Unless you have been blind for the previous 10 games or so, you would have noticed that the best Ranger forward has been Sean Avery.
I'm not talking about production here. I'm talking about consistency.
Obviously, if you look at his numbers—no goals since Nov. 23 against Columbus when it seemed like half the team scored—you would beg to differ.
Avery has been noticeable every time he has been on the ice. This phrase has been thrown around more than wet gloves between equipment managers on the bench but, he's "skating that line" that he needs to play at to be Sean Avery .
Even though Christopher Higgins was announced as Prospal's replacement on the top line, I still think Avery is going to shine in his absence.
Of course, Higgins skating along side Gaborik and Dubinsky on Tuesday morning in no way, shape or form solidifies his remaining there—not with the way Tortorella shuffles lines.
Avery, coming off one of his best games of the season—a 3-2 SO loss against the Islanders—is bound to start burying the puck.
He has been getting quality shots on goal, but a crossbar here, a post there, pepper that with some quality goaltending, and the twine is eluding Avery.
One of the best things that might/hopefully happen for Avery with Prospal's injury, is more power play time.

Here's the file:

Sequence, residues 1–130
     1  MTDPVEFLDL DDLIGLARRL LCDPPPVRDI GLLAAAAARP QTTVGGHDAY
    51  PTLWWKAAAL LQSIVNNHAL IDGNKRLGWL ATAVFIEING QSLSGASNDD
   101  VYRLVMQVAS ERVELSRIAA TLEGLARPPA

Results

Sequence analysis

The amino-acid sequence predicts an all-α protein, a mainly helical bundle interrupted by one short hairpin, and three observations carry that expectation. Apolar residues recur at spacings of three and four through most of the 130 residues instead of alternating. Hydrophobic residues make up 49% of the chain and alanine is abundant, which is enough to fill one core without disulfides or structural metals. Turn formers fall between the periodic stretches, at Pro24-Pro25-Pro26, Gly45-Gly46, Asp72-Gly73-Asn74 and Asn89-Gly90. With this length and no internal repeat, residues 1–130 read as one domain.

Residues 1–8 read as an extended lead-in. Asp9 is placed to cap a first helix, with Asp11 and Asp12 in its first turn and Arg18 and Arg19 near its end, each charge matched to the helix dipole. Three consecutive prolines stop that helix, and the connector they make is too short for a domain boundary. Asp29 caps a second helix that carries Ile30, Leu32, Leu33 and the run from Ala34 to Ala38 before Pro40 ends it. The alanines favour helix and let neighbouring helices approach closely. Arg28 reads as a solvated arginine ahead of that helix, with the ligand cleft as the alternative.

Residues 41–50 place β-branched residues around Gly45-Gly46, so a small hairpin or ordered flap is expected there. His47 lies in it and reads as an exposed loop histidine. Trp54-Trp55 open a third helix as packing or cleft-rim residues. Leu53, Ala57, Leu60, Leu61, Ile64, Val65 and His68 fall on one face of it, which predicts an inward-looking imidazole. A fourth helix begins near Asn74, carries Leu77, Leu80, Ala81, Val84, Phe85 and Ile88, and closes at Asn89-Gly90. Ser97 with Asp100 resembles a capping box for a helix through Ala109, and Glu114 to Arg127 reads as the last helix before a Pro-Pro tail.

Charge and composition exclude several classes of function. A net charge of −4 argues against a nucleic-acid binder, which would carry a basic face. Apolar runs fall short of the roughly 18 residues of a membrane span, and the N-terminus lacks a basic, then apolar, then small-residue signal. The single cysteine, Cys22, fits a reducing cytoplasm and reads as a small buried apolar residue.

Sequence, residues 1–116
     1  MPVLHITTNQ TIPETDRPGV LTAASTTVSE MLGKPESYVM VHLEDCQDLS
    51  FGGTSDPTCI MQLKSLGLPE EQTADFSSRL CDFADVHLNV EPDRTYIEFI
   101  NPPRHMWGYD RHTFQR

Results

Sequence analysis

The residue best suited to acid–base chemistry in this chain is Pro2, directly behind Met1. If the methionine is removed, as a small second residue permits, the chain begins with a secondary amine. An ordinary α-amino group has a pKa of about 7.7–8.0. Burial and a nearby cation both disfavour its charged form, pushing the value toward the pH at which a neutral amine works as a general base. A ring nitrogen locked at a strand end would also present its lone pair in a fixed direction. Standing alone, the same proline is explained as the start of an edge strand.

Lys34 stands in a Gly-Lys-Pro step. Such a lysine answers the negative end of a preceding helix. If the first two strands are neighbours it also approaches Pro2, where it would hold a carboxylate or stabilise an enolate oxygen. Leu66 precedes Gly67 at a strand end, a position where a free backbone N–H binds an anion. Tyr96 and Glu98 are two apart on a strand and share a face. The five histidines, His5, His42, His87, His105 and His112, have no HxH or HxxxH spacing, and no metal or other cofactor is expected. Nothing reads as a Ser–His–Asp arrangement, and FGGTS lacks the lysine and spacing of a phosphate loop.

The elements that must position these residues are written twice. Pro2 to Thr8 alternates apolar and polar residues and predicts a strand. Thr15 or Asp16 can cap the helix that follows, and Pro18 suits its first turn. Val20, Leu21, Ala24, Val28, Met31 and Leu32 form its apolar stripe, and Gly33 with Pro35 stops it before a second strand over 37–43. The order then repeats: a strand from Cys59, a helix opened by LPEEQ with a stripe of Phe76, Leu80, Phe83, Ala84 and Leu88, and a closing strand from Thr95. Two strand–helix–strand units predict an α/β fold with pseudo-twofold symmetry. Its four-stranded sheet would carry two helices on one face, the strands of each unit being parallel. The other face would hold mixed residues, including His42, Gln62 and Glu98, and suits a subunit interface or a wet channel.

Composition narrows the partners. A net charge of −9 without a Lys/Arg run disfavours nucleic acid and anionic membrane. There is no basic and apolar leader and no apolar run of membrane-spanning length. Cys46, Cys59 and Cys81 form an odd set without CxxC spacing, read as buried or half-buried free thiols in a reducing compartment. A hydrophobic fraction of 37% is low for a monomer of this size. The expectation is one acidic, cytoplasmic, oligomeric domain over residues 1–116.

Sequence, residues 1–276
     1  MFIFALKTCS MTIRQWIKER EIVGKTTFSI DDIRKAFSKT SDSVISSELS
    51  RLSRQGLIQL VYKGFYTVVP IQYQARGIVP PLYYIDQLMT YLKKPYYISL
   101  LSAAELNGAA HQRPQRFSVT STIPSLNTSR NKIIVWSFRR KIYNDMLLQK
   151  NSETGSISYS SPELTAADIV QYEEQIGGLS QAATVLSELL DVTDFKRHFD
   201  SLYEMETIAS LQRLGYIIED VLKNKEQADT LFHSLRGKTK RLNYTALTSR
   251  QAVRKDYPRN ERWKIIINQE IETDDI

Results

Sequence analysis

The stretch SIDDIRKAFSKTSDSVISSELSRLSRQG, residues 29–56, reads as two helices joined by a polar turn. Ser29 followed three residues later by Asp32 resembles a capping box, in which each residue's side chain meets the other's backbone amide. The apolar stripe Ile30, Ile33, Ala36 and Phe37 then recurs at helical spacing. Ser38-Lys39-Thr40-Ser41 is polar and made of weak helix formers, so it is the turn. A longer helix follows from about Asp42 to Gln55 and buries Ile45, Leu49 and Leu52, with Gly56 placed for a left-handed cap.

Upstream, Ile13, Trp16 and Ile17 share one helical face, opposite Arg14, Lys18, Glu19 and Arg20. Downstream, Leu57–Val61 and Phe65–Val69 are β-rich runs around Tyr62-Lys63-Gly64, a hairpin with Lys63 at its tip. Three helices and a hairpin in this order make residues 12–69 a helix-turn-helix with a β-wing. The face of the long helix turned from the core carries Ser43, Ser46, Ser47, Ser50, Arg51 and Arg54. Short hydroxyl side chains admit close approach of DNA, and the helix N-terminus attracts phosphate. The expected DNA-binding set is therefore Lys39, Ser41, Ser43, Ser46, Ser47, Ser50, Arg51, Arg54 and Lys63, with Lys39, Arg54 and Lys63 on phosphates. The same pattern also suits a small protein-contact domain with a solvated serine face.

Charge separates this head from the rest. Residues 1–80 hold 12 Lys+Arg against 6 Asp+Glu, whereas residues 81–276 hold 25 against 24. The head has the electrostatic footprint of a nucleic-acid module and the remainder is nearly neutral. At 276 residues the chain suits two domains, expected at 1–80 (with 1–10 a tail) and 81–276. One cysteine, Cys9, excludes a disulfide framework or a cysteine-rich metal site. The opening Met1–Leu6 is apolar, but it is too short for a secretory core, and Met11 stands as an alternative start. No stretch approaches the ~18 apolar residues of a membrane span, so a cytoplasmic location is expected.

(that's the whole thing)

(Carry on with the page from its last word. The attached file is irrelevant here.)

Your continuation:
Avery is at his best when he is creating havoc in front of the opposition's goal.
That's all Avery needs. That's all the Rangers power play needs.
He doesn't have the size of, say, Tomas Holmstrom of the Red Wings, but he absolutely has the tenacity and hands to have ample opportunity to bury pucks while disrupting life in front of the goalie.
Right now, nobody camps in front of the net for the Rangers on a regular basis. I have no idea why. Hell, no one has done it since Graves or Verbeek departed from the team.
Keeping Avery there would obviously make it more difficult for the goalie to concentrate on the shooter, but it would free up even more room for Gaborik to do his thing.
With a man down, already, the opposition would have to dedicate another man solely to focus on Avery in front, which essentially leaves a 4-on-3 along the side boards and points. Rather than shift into a box or diamond scheme and force everything from the outside.
It shouldn't only be Avery that is doing this. Why did Drury get such a big contract in the first place? Drury has made a career of scoring clutch, GARBAGE goals. He comes to the Rangers and all of a sudden he is a perimeter player?
I could be wrong, but let's hope I'm not: Sean Avery, expect big things.